OLD HOME WEEK: Reading Joe Cantrell’s fond and funny reminiscence of Frank’s Rice Bowl in The Independent recently stirred up some savory memories of days gone by in this old burg. And judging from the misty-eyed rejoinders in the Letters to the Editor section, apparently, there still are some Santa Barbara-loving old-timers around after all. Apparently, the finest city in America hasn’t been entirely invaded by the insanely rich, by displaced Angelenos, and by developers eager to infect our charming streets with humungous grotesqueries like the Chapala Street monstrosity.
Oh, where were we? Ah yes, Frank’s Rice Bowl and the funky charm of lower State in days of yore : Frank’s was a loveably surreal place. Indeed, this columnist has a lasting memory of Frank asleep in a chair by the kitchen, while the food took its sweet and sour time on the delivery front. Vivid orange walls completed the picture, suitable for a David Lynch film, and also suitable for our hometown.
In fact, the lower State landscape was rich with memorable spots-both eateries, and music joints. Walter’s Cafe, in the Filipino Building, served up wonderful greasy-spoon delicacies, and Queenie‘s was a soulful coffee shop often populated by young musicians and music lovers in need of post-revelry sustenance. George‘s was a tiny sliver of a jazz nightclub in the 500 block of State run by a percussionist; its bathroom was in the back, accessible only by crawling over the “stage.”
Of course, Baudelaire’s was Santa Barbara’s proudest bohemian club/hangout/rock-jazz-Latin-punk-poetry-reggae-anti-Top 40 locale (and the spot where this musician settled on the lifelong, impecunious pursuit of making music-thanks a lot, Baudelaire’s!). Across the street, the similarly legendary Joseppi’s (where Indochine is presently) was another irreplaceable cultural hang zone, sorely missed.
End of shamelessly sentimental local history lesson-for now.
SHOW OF THE YEAR? It may seem rash to say so now, but 12 days into the 2008 and we may have experienced the greatest concert of the year. That was the night Bill Frisell came to town, playing a staggeringly fine concert with drummer Joey Baron, at the Lobero. Frisell has been suffering under the label of humble guitar hero for more than 20 years now, but the moniker fits more than ever. He brings subtlety and humor, and a desire to mix emotion and experimentalism like no other guitarist around. With Baron, the two smiley geniuses hit the musical range and never looked back, moving between post-acid rock moments to Americana and jazz standards, and into at least one burning bebop workout that reminded us of these guys’ fundamental jazz chops. Some of us are still basking in the glow. It would have been great to proceed to Frank’s Rice Bowl, post-show. Oops, wrong epoch.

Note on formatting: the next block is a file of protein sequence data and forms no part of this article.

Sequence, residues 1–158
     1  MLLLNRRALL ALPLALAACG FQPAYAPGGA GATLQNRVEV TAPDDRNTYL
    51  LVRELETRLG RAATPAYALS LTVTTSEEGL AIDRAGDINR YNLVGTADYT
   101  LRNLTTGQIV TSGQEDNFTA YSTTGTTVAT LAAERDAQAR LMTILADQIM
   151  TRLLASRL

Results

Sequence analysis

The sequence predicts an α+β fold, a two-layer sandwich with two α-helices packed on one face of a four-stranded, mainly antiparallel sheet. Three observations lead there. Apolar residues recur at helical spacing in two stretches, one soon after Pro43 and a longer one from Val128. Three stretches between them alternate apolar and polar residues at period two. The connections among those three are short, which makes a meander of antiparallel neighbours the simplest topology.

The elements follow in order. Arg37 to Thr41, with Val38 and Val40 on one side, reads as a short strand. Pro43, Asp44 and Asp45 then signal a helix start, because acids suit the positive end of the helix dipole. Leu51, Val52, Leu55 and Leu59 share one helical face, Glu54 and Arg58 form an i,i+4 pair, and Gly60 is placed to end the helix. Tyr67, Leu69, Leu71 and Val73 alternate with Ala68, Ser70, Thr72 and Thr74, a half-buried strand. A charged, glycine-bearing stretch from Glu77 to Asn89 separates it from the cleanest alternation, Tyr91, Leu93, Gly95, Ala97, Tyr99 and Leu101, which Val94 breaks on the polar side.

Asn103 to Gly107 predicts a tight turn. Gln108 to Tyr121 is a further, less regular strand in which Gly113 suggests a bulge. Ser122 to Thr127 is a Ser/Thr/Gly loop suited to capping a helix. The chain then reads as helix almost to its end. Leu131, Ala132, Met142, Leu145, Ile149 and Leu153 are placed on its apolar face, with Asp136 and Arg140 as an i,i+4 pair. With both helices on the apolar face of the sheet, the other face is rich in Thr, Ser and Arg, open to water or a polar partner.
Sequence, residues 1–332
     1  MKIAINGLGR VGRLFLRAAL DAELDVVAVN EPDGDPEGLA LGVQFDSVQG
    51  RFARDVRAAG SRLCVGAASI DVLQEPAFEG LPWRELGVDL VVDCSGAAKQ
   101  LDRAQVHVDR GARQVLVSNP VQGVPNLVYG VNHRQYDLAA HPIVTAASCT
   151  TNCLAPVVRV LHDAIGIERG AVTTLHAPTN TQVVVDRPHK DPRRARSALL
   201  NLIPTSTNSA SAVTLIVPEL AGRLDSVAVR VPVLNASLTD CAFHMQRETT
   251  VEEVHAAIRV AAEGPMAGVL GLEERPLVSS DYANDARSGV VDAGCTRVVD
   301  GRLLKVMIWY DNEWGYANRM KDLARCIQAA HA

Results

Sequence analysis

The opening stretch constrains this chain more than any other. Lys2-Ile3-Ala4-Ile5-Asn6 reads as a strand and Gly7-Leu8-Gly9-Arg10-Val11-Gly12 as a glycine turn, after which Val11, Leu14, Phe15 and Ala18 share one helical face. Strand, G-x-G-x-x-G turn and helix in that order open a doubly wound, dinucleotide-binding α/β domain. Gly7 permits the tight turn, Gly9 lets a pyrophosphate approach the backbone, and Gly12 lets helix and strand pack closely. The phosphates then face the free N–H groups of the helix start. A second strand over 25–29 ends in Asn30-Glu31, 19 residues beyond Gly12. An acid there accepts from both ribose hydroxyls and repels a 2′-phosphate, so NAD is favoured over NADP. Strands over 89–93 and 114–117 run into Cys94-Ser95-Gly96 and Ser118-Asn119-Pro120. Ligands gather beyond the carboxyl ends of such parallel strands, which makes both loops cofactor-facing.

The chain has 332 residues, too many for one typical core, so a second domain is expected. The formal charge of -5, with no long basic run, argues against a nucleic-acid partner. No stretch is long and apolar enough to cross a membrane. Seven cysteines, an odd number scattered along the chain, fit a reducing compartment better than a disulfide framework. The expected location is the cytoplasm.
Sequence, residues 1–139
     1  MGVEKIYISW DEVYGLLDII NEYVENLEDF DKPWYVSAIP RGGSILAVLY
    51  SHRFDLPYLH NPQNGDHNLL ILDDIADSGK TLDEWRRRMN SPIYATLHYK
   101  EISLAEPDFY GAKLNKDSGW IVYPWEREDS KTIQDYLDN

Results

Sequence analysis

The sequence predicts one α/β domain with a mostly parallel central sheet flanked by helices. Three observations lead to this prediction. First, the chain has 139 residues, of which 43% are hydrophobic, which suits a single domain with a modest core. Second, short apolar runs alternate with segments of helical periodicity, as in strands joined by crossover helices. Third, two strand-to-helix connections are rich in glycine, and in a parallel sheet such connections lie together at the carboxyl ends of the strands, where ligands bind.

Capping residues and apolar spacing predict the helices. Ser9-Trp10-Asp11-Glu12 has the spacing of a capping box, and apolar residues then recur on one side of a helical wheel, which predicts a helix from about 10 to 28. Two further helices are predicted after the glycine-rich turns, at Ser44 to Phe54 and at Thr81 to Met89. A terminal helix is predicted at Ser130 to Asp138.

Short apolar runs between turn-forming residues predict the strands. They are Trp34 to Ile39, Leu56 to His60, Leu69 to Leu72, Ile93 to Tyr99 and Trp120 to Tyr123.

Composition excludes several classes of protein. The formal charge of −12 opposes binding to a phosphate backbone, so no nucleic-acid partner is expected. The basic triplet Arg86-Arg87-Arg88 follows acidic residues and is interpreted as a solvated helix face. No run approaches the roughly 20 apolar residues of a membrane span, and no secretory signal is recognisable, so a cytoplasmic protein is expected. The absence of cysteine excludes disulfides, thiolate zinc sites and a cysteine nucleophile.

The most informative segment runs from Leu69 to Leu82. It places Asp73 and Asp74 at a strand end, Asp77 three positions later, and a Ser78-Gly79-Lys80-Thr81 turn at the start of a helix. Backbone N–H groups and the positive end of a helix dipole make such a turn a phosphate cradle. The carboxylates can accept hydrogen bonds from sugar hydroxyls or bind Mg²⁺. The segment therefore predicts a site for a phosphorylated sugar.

TO-DOINGS: It’s fair to say that Santa Barbara gets little in the way of Japanese bamboo flute performances. That lack will be addressed on Friday at UCSB’s MultiCultural Center with the arrival of Alcvin Takegawa Ramos, a Japanese musician who presently lives in the rainforests of B.C., Canada. Ramos has played with an impressive list of musicians, including John McLaughlin, Bill Laswell, and the fab Tuvan group Hun-Huur-Tu.
For this year’s Santa Barbara Blues Society‘s “member appreciation” show Saturday at Warren Hall, the highly recommended and disarmingly big-sounding duo of Nathan James and Ben Hernandez make their local debut-as leaders. They have, in fact, been through town as sidemen with James Harman and others, but as heard on their rich and rootsy new CD, Hollerin’!, they make a signature sound worth knowing on their own.
The marvelous Brazilian-born Santa Barbaran Teka makes an appearance at SOhO on Sunday, in a group featuring flutist Norma LaTuchie, who spent some formative years in Santa Barbara, lived in NYC for many years (and played with Romero Lubamba, Bill Frisell, and others) and has relocated back to our dangerously seductive town.